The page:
“The Majestic” isn’t. Rather it’s “The Film That Wasn’t There,” a derivative, self-satisfied fable that couldn’t be more treacly and simple-minded if it tried. And it tries, oh, how it tries.
Director Frank Darabont (“The Shawshank Redemption” and “The Green Mile”) has always had a heart-on-his-sleeve passion for the obvious, always gloried in overemphasizing what really doesn’t need to be underlined at all.
Darabont’s in his element with this story, written by longtime friend Michael Sloane, of a Hollywood screenwriter circa 1951 who discovers what’s really important in life. Hint: It’s not a big salary or a great table at the studio commissary. No, no, a thousand times no. Playing Peter Appleton, a B-picture writer under contract to HHS Studios, is Jim Carrey, making what is clearly a bid to be taken seriously as a dramatic star. Despite having to deal with lines like “I never meant to hurt anyone, least of all you,” Carrey does a creditable job as a leading man, but it’s wasted. The problem is, there’s nothing here worth the time and energy to lead.
It’s not, as the filmmakers will probably believe, that sour critics have difficulty responding to any kind of upbeat story. It’s that everything is so ineptly done. Even the film’s flagrant steals from classics like “Mr. Smith Goes to Washington,” “The Best Years of Our Lives” and “Hail the Conquering Hero” are clumsy and overdone.
What is most frustrating about “The Majestic” is that it makes goodness and decency, virtues that can be exciting and inspirational, into themes so tedious it is possible to doze off without fearing you’ll miss anything worth staying awake for.
Making all this, if possible, worse, is that “The Majestic” is intent on setting its story against the background of the Hollywood blacklist, a serious period that gets the full cartoon treatment here. The film’s press kit may open with the celebrated quote from Dalton Trumbo about there being no heroes or villains in that period, only victims, but Darabont and company are intent on painting the scene in the harshest blacks and whites.
Appleton is introduced daydreaming in a story conference while studio executives spitball idiotic changes to his new script. He’s a contented creature of the business, and the blacklist only crosses his mind when he sees it in a newsreel at Grauman’s Chinese preceding his first on-screen credit, “Sand Pirates of the Sahara,” a dismal B-picture that manages to be more fun than the film we’re stuck with watching.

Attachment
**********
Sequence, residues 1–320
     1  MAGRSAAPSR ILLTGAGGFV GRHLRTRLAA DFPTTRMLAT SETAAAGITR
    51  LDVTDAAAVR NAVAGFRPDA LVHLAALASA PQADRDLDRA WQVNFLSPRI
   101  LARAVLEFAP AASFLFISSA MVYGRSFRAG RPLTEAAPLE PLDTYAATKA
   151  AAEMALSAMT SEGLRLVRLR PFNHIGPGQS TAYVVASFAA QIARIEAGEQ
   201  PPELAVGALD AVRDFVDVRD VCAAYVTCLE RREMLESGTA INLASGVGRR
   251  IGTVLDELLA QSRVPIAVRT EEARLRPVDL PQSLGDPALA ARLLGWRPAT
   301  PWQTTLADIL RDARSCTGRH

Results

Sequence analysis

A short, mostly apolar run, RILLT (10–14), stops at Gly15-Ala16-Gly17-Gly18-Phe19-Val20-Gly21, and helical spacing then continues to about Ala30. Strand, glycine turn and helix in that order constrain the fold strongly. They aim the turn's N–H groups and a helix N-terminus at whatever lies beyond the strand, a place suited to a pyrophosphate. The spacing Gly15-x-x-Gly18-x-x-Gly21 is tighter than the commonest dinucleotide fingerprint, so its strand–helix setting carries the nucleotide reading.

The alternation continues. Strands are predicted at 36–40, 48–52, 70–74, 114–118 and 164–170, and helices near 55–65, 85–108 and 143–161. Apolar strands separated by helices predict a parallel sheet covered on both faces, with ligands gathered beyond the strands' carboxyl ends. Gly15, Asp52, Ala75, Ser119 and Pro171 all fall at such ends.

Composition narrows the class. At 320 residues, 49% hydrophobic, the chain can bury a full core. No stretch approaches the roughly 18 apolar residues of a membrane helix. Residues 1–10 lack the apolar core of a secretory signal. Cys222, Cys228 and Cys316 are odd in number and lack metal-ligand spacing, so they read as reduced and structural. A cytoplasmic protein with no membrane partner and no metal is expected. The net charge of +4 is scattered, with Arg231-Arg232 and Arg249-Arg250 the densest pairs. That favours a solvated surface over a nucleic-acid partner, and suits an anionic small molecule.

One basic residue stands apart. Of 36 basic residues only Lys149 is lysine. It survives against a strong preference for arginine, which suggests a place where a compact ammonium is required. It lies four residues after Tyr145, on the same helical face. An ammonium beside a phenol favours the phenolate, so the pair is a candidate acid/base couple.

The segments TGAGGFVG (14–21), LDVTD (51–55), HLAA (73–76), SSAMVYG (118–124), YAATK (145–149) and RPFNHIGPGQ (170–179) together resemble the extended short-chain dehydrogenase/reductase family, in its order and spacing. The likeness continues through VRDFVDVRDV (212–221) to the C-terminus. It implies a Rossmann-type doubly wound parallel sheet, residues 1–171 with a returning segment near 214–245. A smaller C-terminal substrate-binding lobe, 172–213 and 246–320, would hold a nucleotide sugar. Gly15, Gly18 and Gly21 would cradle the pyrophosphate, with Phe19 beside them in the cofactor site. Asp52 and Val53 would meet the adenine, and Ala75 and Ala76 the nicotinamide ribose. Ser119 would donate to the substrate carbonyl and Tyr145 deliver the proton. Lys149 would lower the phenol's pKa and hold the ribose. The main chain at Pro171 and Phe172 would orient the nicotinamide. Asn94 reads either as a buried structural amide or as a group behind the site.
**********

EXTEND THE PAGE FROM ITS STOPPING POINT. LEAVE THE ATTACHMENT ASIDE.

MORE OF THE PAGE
The next morning, everything changes. Because he accompanied an attractive girl to a meeting of the suspect Bread Instead of Bullets Club back while he was in college, Appleton is suspended from his studio job and finds his entire career in jeopardy.
Distraught, the writer gets predictably drunk and takes a drive up the California coast. The next thing he knows, he doesn’t know anything: When kindly old coot Stan Keller (James Whitmore) discovers him on a beach in the morning, Appleton remembers neither his name nor how he got there.
The nearby mythical hamlet of Lawson turns out to be a swell place to have amnesia. It’s the kind of town where people will literally give you the shirt off their back and the eggs off their plate, where never is heard a discouraging word and everyone is so doggone nice it makes Carrey’s former “Truman Show” home of Seahaven Island seem like the residence of Ilsa, She-Wolf of the SS. Everyone is especially well-disposed to this lost soul because old Harry Trimble (Martin Landau) is convinced that the newcomer is none other than his Medal of Honor-winning son Luke, reported missing in combat 91/2 years ago. Lawson had lost its spirit after having so many of its young men killed in the war, but now, now there is reason to celebrate.
Although the amnesiac is far from sure he is anyone’s long-lost son, he chooses to go with the flow, which includes taking up again with fiancee Adele Stanton (Laurie Holden) and helping his dad refurbish the town’s only movie theater, the Majestic, which has fallen into grim disrepair.
Everything might have stayed just that happy and perky if J. Edgar Hoover’s minions weren’t convinced that the disappeared writer might be the head of “a nest of Communists that would make the Rosenbergs look like Ma and Pa Kettle.” Actually, it’s “The Majestic” that looks like Ma and Pa Kettle, though even the films about that kindly old couple were less simplistic and contrived than what we have here. Though Appleton’s amnesia allows him to remember movies but not his life, this is one film everyone involved may want to forget.
MPAA rating: PG, for language and mild thematic elements. Times guidelines: all very tame.
Jim Carrey...Pete Appleton/Luke Trimble
Martin Landau...Harry Trimble
Laurie Holden...Adele Stanton
David Ogden Stiers...Doc Stanton
James Whitmore...Stan Keller
Castle Rock Entertainment presents, in association with Village Roadshow Pictures and NPV Entertainment, a Darkwoods production, released by Warner Bros. Producer Frank Darabont. Executive producer Jim Behnke. Director Frank Darabont. Screenplay Michael Sloane. Cinematographer David Tattersall. Editor Jim Page. Costumes Karyn Wagner. Music Mark Isham. Production design Gregory Melton. Art director Tom Walsh. Set decorator Natali Pope. Running time: 2 hours, 32 minutes.
In general release.